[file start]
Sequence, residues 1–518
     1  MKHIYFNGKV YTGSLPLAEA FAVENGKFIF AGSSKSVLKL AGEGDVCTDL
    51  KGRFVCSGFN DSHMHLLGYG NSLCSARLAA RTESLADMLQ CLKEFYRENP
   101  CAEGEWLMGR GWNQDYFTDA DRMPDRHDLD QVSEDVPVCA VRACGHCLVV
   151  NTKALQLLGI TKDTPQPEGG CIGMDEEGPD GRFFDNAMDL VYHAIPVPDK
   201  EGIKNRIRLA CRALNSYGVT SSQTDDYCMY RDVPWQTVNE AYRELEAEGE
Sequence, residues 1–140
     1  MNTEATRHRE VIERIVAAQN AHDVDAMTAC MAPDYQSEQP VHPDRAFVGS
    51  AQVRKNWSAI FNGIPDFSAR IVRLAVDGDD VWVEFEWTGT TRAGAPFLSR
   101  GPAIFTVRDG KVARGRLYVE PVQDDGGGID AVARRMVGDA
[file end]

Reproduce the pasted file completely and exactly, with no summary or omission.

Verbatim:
Sequence, residues 1–518
     1  MKHIYFNGKV YTGSLPLAEA FAVENGKFIF AGSSKSVLKL AGEGDVCTDL
    51  KGRFVCSGFN DSHMHLLGYG NSLCSARLAA RTESLADMLQ CLKEFYRENP
   101  CAEGEWLMGR GWNQDYFTDA DRMPDRHDLD QVSEDVPVCA VRACGHCLVV
   151  NTKALQLLGI TKDTPQPEGG CIGMDEEGPD GRFFDNAMDL VYHAIPVPDK
   201  EGIKNRIRLA CRALNSYGVT SSQTDDYCMY RDVPWQTVNE AYRELEAEGE
Sequence, residues 1–140
     1  MNTEATRHRE VIERIVAAQN AHDVDAMTAC MAPDYQSEQP VHPDRAFVGS
    51  AQVRKNWSAI FNGIPDFSAR IVRLAVDGDD VWVEFEWTGT TRAGAPFLSR
   101  GPAIFTVRDG KVARGRLYVE PVQDDGGGID AVARRMVGDA